(by Robert Schwarz, PsyD, DCEP)
This blog is a brief synthesis of a 2009 literature review by Shamini Jain and Paul Mills on the effects of biofield interventions (such as Reiki, therapeutic touch, and healing touch) for various problems such as pain and anxiety in a variety of populations (e.g. people with acute pain, cancer, heart disease). The authors did not review any energy psychology literature.
The authors reviewed and rated the quality of 66 studies. This was not a meta analysis of these studies. It was a systematic review. The authors stated that the studies were too diverse to use a meta-analysis approach.
- Overall the studies had medium level of quality, and generally met the minimum standards for validity of inferences.
- Biofield therapies showed strong evidence for reducing pain intensity in pain populations, and moderate evidence for reducing pain intensity in hospitalized and cancer populations.
- There was moderate evidence for biofield therapies’ ability to reduce negative behavioral symptoms in dementia and decrease anxiety for hospitalized populations.
- There was equivocal evidence for these therapies’ ability to make beneficial effects on fatigue and quality of life for cancer patients.
- There was also equivocal evidence for biofield therapies’ ability to influence comprehensive pain outcomes and affect in pain patients, and for decreasing anxiety in cardiovascular patients.
What do these findings mean?
By 2009 there were 66 studies that met the inclusion criteria for this review. Until I read this report I did not know that. It is important for us to recognize that energy-healing methods are being studied through the lens of the scientific method, regardless of the outcome. Why is this important? When done properly, scientific methods help us understand what is effective and what is not effective.
Science is not a perfect vehicle for assessing the effectiveness of new techniques, and it usually runs far behind the clinical or healing world. For example, it has only been in the last few years that we have known scientifically that meditation changes the brain. However, spiritual adepts have known for thousands of years that meditation changes consciousness. This is to be expected. It is not easy to create conditions to measure and control the variables involved.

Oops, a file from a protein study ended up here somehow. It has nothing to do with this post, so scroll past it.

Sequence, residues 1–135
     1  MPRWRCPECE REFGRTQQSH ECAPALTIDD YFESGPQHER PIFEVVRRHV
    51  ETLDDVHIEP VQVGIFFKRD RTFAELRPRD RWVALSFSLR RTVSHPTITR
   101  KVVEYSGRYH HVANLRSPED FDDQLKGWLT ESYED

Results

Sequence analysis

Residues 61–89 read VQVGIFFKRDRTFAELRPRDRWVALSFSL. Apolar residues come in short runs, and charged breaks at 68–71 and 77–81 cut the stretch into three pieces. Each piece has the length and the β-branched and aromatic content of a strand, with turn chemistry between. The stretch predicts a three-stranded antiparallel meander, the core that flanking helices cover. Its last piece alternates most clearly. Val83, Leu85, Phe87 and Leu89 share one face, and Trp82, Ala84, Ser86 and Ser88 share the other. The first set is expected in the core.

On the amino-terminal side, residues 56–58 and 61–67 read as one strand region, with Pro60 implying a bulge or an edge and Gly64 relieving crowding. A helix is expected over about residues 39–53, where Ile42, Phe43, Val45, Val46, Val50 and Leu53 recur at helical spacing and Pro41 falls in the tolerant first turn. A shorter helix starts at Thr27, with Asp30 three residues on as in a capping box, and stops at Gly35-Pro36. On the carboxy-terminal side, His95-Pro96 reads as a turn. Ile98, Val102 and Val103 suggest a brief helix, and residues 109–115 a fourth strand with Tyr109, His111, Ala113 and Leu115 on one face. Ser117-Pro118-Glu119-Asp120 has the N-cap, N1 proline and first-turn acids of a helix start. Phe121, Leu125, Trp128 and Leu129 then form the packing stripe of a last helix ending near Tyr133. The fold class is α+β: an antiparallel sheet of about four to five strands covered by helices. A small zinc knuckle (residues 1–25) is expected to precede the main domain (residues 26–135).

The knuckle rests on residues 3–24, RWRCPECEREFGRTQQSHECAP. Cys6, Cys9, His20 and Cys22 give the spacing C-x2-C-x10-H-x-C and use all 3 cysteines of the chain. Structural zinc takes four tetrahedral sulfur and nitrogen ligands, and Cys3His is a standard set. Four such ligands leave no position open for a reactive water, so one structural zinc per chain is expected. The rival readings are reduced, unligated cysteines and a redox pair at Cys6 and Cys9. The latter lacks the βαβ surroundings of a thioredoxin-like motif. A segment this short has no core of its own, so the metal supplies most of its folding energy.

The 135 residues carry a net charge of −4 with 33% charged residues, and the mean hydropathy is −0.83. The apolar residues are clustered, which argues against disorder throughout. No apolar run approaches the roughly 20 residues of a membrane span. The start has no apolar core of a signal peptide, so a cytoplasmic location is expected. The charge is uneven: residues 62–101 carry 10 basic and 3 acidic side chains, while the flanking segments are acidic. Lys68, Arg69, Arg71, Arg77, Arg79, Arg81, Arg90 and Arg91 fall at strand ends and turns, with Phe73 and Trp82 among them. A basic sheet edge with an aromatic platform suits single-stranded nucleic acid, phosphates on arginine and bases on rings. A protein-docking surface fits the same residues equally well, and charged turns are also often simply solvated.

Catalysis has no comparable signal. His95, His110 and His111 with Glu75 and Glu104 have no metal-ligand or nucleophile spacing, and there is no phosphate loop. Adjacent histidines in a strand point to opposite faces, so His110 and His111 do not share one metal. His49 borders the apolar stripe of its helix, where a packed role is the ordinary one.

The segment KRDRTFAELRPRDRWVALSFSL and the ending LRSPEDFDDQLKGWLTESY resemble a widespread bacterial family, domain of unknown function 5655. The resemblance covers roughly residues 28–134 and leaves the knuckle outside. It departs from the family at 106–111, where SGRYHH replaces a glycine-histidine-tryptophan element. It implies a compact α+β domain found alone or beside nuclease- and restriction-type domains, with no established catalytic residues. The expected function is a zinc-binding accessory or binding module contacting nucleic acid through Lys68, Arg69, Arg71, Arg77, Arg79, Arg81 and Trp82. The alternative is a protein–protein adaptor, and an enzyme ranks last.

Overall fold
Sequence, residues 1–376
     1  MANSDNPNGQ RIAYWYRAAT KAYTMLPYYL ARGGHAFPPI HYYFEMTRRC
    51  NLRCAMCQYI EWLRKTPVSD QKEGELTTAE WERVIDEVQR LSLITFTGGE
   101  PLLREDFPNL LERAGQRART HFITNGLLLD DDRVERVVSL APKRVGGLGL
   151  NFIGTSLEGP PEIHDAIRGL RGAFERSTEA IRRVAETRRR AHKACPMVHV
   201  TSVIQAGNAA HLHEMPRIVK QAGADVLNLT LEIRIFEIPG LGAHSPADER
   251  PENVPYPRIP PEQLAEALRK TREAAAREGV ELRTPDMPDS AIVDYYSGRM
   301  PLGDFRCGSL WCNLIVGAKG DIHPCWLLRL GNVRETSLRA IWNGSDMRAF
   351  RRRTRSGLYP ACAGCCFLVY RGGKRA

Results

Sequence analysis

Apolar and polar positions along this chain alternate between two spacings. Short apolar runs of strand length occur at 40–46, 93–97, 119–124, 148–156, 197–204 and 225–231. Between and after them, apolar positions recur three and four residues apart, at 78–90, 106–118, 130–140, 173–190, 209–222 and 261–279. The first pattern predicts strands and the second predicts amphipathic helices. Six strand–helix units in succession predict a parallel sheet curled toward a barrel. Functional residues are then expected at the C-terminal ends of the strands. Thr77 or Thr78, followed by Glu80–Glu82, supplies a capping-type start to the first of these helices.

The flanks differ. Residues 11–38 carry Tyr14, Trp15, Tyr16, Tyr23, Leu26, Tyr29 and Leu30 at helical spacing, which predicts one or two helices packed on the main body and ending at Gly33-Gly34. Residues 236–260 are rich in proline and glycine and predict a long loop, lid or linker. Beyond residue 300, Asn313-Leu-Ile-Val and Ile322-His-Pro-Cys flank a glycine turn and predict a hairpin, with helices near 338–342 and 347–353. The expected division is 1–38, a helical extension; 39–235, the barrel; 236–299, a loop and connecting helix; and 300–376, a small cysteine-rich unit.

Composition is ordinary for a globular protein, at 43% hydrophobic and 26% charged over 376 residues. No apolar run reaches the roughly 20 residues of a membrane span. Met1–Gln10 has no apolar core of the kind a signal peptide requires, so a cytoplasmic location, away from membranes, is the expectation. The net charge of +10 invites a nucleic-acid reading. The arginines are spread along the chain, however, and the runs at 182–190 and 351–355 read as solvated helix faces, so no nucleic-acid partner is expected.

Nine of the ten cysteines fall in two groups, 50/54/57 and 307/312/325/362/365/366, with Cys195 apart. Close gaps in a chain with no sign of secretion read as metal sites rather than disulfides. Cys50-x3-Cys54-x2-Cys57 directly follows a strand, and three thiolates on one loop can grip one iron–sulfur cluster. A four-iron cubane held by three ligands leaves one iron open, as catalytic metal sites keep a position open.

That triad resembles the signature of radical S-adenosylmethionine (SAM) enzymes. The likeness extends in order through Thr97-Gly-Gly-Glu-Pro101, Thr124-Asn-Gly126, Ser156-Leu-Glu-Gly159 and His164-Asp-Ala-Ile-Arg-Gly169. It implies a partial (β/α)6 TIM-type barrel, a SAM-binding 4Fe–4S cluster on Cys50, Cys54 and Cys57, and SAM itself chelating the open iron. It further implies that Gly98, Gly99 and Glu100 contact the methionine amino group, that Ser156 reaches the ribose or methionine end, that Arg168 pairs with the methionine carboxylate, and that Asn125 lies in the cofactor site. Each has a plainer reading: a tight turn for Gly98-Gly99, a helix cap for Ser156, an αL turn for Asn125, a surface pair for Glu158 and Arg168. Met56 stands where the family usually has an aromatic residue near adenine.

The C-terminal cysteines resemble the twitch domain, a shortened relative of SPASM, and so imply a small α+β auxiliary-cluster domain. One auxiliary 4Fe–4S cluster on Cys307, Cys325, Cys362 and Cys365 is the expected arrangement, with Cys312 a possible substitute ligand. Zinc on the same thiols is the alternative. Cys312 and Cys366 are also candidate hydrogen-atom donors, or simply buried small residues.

You can consider the scientific method to be a “language” that helps us communicate with other people and provides structures that enable us to speak the same language. To the extent that we want energy psychology and other energy healing methods to become part of mainstream healthcare, we need to be able to speak the language of the people in those systems. And they speak the language of science.
Furthermore, the more fluent we become in scientific discourse, the more we can use this language to become more clear about what we are doing as practitioners.
The Jain and Mills review points to several clinical areas where there is strong to moderate evidence that biofield therapies can be useful. This suggests that practitioners can be more confident with clients about the potential of help in those areas. It also suggests that in the areas where there is less evidence, there either needs to be a change in the way these things are studied or the clinical methodologies should change. Perhaps people need a stronger or longer dose of biofield therapy. Perhaps a different biofield therapy is needed. Perhaps another therapy might be more beneficial, either by itself or in conjunction with biofield therapy. For example, anxiety in cardiovascular patients might respond better to biofield therapies if they were also treated with energy psychology for the trauma of the specific cardiovascular event (e.g a heart attack).
The bottom line: this is a very interesting time. There is growing interest in studying energy healing methods. There is growing information about the effectiveness of energy healing methods. One of the biggest problems we have now is being able to track all the information and put it into a context and narrative. Hopefully this chapter of the blog has done a bit of that.
Robert Schwarz, PsyD, DCEP
ACEP Executive Director
P.S. One final thought. It is interesting that the authors did not include any review of the energy psychology literature. I am not saying this was wrong or a problem. However, it does raise some interesting questions about how we categorize our selves and our “cousins” (or is it brothers and sisters?). The questions are interesting both internally within the field(s) as well as externally – how we are perceived by the rest of the world.
You can read the entire article here.
Jain, S. & Mills, P. (2009) Biofield Therapies: Helpful or Full of Hype? A Best Evidence Synthesis. Int J Behav Med. 2010 Mar; 17(1): 1–16.
Published online 2009 Oct 24. doi: 10.1007/s12529-009-9062-4